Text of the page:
Jack Pearadin and Doug Nelsen found a 1.73-carat diamond after nearly a year of searching the park's field.
The Observer recently spent a weekend way down yonder in New Orleans and — between the soft-shell crab, wailing trombones and Sazerac cocktails — he thought about Little Rock: Could New Orleans offer some guidance to Little Rock, even though culturally we could never claim the gumbo of influences that make New Orleans such a tourist mecca.
We stayed downtown, in the warehouse district that underwent a modest resurgence during the World's Fair years ago but has accelerated noticeably in recent years. People now live in the warehouse district. Restaurants and bars serve neighbors as well as tourists. Retail shops have opened on former skid rows. Professionals — lawyers, engineers, architects — have opened offices in rehabilitated old buildings.
Streetcars full of people come and go from the district at all hours. Some deliver professionals. Some deliver uniformed workers for the hospitality industry.
Why couldn't Little Rock continue on its own, similar path? We've seen rehab and new building downtown. A small residential community is growing. We even have a convenience store! We have a streetcar line and bus service, sadly underused. Why couldn't it be used? We have a handsome period neighborhood nearby to ogle. The Quapaw Quarter isn't St. Charles Avenue, but it's not bad.
What would I do if I could wave a magic wand? I'd tell Mayor Mark Stodola to lead. I'd tell him to tell the Tech Park board to quit fiddling around. Downtown is the logical place to start the enterprise and there'd be not a peep about neighborhood disruption. Financier Warren Stephens has vacant lots on Main Street aplenty for development. He might donate some ground, as he did the ballpark land in North Little Rock, for a $22 million city-financed tech park building that would instantly put Little Rock in the business incubation business (and provide a lift to neighboring Stephens property).
More people — professional and technical types — would want to live near such a development. Some people might also like the idea of a mass transit commute. More residents and more offices would inevitably mean more service and restaurant business.
Threat of hurricane damage is small. Let us dream.
The Observer went OUT to dinner last Saturday night. Our party went in two cars.
When the other driver arrived, he walked up to the table and said, "Well, I got hit up by the guy from Camden who needs gas again."
The guy from Camden? Gas? AGAIN?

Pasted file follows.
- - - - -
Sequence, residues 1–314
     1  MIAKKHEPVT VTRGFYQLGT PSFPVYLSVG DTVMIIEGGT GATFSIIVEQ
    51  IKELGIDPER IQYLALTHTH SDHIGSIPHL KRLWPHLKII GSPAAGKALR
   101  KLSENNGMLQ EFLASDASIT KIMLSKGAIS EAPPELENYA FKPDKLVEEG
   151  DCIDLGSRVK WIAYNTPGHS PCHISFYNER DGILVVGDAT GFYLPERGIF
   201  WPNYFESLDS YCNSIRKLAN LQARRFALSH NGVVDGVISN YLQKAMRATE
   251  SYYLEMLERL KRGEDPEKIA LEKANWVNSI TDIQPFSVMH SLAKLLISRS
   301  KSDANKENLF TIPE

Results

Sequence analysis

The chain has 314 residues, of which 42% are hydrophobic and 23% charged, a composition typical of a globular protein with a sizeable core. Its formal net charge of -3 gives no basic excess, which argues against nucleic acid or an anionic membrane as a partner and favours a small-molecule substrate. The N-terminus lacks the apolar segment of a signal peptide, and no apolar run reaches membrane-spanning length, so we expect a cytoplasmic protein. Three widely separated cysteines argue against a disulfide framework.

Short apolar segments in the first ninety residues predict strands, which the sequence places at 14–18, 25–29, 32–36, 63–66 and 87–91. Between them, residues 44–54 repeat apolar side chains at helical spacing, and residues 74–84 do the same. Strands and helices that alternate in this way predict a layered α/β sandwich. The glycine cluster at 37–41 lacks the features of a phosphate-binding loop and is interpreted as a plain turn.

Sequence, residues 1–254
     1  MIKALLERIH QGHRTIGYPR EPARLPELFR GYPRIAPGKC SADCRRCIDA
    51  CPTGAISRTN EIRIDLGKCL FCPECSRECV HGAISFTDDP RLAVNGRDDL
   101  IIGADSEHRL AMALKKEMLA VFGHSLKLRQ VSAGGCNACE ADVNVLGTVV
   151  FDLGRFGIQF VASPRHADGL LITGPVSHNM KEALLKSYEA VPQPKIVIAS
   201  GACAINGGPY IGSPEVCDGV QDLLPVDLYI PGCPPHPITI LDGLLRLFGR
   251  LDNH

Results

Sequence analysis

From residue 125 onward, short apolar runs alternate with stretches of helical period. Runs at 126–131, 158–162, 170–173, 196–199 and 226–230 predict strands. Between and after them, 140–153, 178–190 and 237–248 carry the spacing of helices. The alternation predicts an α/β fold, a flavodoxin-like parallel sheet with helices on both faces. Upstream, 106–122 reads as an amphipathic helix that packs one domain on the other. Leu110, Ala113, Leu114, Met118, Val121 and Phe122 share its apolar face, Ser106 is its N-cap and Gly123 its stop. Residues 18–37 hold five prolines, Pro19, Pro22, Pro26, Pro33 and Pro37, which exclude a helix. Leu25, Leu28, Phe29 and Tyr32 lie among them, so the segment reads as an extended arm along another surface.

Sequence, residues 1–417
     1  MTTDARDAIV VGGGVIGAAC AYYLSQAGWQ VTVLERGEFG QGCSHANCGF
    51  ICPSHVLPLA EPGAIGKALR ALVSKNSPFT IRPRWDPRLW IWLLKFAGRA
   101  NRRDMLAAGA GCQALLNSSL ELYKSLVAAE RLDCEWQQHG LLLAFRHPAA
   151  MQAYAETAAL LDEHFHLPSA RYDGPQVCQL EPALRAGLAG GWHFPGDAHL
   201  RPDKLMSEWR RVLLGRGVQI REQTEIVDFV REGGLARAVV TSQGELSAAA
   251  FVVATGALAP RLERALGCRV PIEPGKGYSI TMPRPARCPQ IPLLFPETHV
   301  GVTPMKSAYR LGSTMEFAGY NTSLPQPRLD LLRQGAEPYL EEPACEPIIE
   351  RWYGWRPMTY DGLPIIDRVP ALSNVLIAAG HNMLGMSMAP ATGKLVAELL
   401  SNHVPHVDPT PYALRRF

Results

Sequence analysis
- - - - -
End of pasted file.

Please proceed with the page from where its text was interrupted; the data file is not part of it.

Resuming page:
The Observer had gone grocery shopping at the Kroger on Cantrell Road a few weeks ago.
As The Observer rolled a shopping cart to his car, a car pulled alongside. It was a clean, nearly new Chevy. The driver, a clean-cut young white man in a button-up shirt and slacks, rolled down his window. He said something like this:
"I just got up and found someone stole my wallet from the car. I know it was really stupid to leave it there. I work for Lion Oil company." [At this point, he displayed a laminated photo ID card.]
"I'm broke. They took my money and credit cards. I need some gas to get back home to Camden. I'm really sorry. I'll pay you back. Is there any way you could help?"
The Observer had a single $20. He just handed over the bill. It was Sunday. The young man thanked The Observer profusely. He asked how he could pay the money back. The Observer gave him his name. "Just go to arktimes.com. You'll find an address. Send a check."
No check ever arrived.
A hard-luck traveler isn't exactly a new trick for panhandling. But the new car. The clean-cut young man. Camden.
This fellow apparently has been working parking lots for a good while. It's a pretty good object lesson in human psychology. Might people be a softer touch for a deserving looking crime victim from Camden than for a grimy street person, clearly scrounging for beer money?
It all made The Observer feel better about providing a high-priced breakfast, including a large cafe mocha, to a panhandler who stopped him the next day outside Boulevard Bread on Main. You may recall The Observer's hand got called when he volunteered breakfast instead of money. It could be he really was hungry.
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